I have done it again. One year in every ten I manage it---- A sort of walking miracle, my skin Bright as a Nazi lampshade, My right foot A paperweight, My face a featureless, fine Jew linen. Peel off the napkin 0 my enemy. Do I terrify?---- The nose, the eye pits, the full set of teeth? The sour breath Will vanish in a day. Soon, soon the flesh The grave cave ate will be At home on me And I a smiling woman. I am only thirty. And like the cat I have nine times to die. This is Number Three. What a trash To annihilate each decade. What a million filaments. The peanut-crunching crowd Shoves in to see Them unwrap me hand and foot The big strip tease. Gentlemen, ladies These are my hands My knees. I may be skin and bone, Nevertheless, I am the same, identical woman. The first time it happened I was ten. It was an accident. The second time I meant To last it out and not come back at all. I rocked shut As a seashell. They had to call and call And pick the worms off me like sticky pearls. Dying Is an art, like everything else, I do it exceptionally well. I do it so it feels like hell. I do it so it feels real. I guess you could say I've a call. It's easy enough to do it in a cell. It's easy enough to do it and stay put. It's the theatrical Comeback in broad day To the same place, the same face, the same brute Amused shout: 'A miracle!' That knocks me out. There is a charge For the eyeing of my scars, there is a charge For the hearing of my heart---- It really goes. And there is a charge, a very large charge For a word or a touch Or a bit of blood Or a piece of my hair or my clothes. So, so, Herr Doktor. So, Herr Enemy. I am your opus, I am your valuable, The pure gold baby That melts to a shriek. I turn and burn. Do not think I underestimate your great concern. Ash, ash --- You poke and stir. Flesh, bone, there is nothing there---- A cake of soap, A wedding ring, A gold filling. Herr God, Herr Lucifer Beware Beware. Out of the ash I rise with my red hair And I eat men like air.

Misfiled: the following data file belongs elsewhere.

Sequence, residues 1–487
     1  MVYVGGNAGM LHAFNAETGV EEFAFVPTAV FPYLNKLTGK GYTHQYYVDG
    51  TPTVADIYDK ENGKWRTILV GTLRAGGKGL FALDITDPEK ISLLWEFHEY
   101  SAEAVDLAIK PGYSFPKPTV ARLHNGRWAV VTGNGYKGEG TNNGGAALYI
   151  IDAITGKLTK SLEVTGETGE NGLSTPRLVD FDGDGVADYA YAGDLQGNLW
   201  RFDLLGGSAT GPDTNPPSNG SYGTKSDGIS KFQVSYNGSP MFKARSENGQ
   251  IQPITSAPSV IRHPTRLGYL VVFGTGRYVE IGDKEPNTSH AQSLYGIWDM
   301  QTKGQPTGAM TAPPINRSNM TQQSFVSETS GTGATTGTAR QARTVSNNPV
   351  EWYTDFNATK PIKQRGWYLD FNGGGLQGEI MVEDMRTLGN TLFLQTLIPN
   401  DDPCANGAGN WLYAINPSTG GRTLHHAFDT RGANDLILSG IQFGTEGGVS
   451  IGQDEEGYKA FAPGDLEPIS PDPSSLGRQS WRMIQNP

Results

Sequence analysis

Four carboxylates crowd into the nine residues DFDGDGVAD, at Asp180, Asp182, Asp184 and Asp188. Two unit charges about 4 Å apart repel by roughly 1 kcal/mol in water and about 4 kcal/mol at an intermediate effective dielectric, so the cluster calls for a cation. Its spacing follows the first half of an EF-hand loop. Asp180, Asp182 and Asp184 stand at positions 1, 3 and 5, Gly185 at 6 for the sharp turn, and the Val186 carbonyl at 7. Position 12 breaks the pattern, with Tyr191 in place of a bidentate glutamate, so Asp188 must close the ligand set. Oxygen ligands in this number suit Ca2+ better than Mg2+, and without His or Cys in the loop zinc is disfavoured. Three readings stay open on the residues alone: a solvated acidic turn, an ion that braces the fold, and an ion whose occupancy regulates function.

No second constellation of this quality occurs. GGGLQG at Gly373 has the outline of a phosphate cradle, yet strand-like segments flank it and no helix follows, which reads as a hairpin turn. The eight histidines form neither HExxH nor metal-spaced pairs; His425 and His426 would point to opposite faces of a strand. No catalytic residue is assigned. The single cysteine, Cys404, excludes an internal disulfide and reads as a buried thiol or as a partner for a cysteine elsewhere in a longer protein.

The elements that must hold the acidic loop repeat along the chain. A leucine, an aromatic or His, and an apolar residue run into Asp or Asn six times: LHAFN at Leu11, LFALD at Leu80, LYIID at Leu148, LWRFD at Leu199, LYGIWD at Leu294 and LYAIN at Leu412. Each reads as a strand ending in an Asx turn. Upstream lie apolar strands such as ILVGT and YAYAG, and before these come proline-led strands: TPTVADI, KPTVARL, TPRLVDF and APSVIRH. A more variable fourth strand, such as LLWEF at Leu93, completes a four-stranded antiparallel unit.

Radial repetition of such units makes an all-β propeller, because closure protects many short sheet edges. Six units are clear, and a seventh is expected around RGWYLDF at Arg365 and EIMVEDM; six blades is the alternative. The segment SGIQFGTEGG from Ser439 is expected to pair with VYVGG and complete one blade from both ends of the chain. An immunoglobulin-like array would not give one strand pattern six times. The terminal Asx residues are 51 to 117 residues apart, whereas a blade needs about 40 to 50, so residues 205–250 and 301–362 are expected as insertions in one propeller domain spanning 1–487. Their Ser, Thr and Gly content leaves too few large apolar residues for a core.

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- by Sylvia Plath (1932 - 1963), "Lady Lazarus", appears in Ariel, first published 1965 [author's text checked 1 time against a primary source]
Musical settings (art songs, Lieder, mélodies, (etc.), choral pieces, and other vocal works set to this text), listed by composer (not necessarily exhaustive):
- by Robin Holloway (b. 1943), "Lady Lazarus", op. 9 no. 1 (1967) [ speaker, small men's chorus, and instrumental ensemble ], from Melodrama on Three Poems by Sylvia Plath, no. 1 [sung text not yet checked]
- by Aribert Reimann (b. 1936), "Lady Lazarus", 1992 [ soprano and piano ], confirmed with a CD booklet [sung text checked 1 time]
- by Ned Rorem (b. 1923), "Lady Lazarus", published 1974 [ soprano, clarinet, and piano ], from Ariel: Five Poems of Sylvia Plath, no. 5 [sung text not yet checked]
Researcher for this text: Emily Ezust [Administrator]
This text was added to the website: 2007-12-14
Line count: 84
Word count: 410